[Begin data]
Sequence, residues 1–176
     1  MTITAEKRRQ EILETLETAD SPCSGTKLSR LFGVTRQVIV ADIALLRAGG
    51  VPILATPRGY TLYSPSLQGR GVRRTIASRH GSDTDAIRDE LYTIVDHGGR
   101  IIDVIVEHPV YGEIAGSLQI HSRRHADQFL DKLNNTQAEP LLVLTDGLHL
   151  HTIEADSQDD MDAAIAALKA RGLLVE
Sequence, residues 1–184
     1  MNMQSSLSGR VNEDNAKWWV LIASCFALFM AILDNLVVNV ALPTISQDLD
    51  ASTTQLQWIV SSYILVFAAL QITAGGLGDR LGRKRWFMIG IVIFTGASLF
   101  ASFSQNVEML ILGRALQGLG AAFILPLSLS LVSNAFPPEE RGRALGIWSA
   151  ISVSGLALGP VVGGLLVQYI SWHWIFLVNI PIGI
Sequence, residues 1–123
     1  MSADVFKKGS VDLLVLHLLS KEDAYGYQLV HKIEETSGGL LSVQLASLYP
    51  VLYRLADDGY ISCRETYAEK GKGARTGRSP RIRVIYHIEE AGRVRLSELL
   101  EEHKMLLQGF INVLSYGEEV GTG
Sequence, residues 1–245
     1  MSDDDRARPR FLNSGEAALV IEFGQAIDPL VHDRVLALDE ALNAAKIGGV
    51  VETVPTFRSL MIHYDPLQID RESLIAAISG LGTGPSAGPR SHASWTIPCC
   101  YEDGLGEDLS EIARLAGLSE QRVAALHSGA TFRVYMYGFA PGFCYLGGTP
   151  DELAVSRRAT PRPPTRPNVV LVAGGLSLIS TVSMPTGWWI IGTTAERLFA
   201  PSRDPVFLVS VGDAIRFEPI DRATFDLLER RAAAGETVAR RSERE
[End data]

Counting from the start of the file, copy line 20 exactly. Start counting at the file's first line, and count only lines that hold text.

   201  PSRDPVFLVS VGDAIRFEPI DRATFDLLER RAAAGETVAR RSERE